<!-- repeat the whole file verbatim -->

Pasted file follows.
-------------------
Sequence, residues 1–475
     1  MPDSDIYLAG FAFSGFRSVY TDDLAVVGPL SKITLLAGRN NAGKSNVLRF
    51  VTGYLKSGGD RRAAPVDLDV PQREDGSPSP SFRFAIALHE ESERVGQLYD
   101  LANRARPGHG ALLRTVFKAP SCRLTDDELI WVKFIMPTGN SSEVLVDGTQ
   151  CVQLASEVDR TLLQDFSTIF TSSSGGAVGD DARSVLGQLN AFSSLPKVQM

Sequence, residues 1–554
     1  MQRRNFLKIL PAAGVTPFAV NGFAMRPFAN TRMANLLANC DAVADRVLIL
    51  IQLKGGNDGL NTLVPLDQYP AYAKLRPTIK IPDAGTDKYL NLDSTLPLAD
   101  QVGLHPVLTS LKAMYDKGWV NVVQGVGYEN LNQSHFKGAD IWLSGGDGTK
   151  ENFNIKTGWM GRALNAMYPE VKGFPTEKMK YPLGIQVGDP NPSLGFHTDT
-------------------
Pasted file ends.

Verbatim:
Sequence, residues 1–475
     1  MPDSDIYLAG FAFSGFRSVY TDDLAVVGPL SKITLLAGRN NAGKSNVLRF
    51  VTGYLKSGGD RRAAPVDLDV PQREDGSPSP SFRFAIALHE ESERVGQLYD
   101  LANRARPGHG ALLRTVFKAP SCRLTDDELI WVKFIMPTGN SSEVLVDGTQ
   151  CVQLASEVDR TLLQDFSTIF TSSSGGAVGD DARSVLGQLN AFSSLPKVQM

Sequence, residues 1–554
     1  MQRRNFLKIL PAAGVTPFAV NGFAMRPFAN TRMANLLANC DAVADRVLIL
    51  IQLKGGNDGL NTLVPLDQYP AYAKLRPTIK IPDAGTDKYL NLDSTLPLAD
   101  QVGLHPVLTS LKAMYDKGWV NVVQGVGYEN LNQSHFKGAD IWLSGGDGTK
   151  ENFNIKTGWM GRALNAMYPE VKGFPTEKMK YPLGIQVGDP NPSLGFHTDT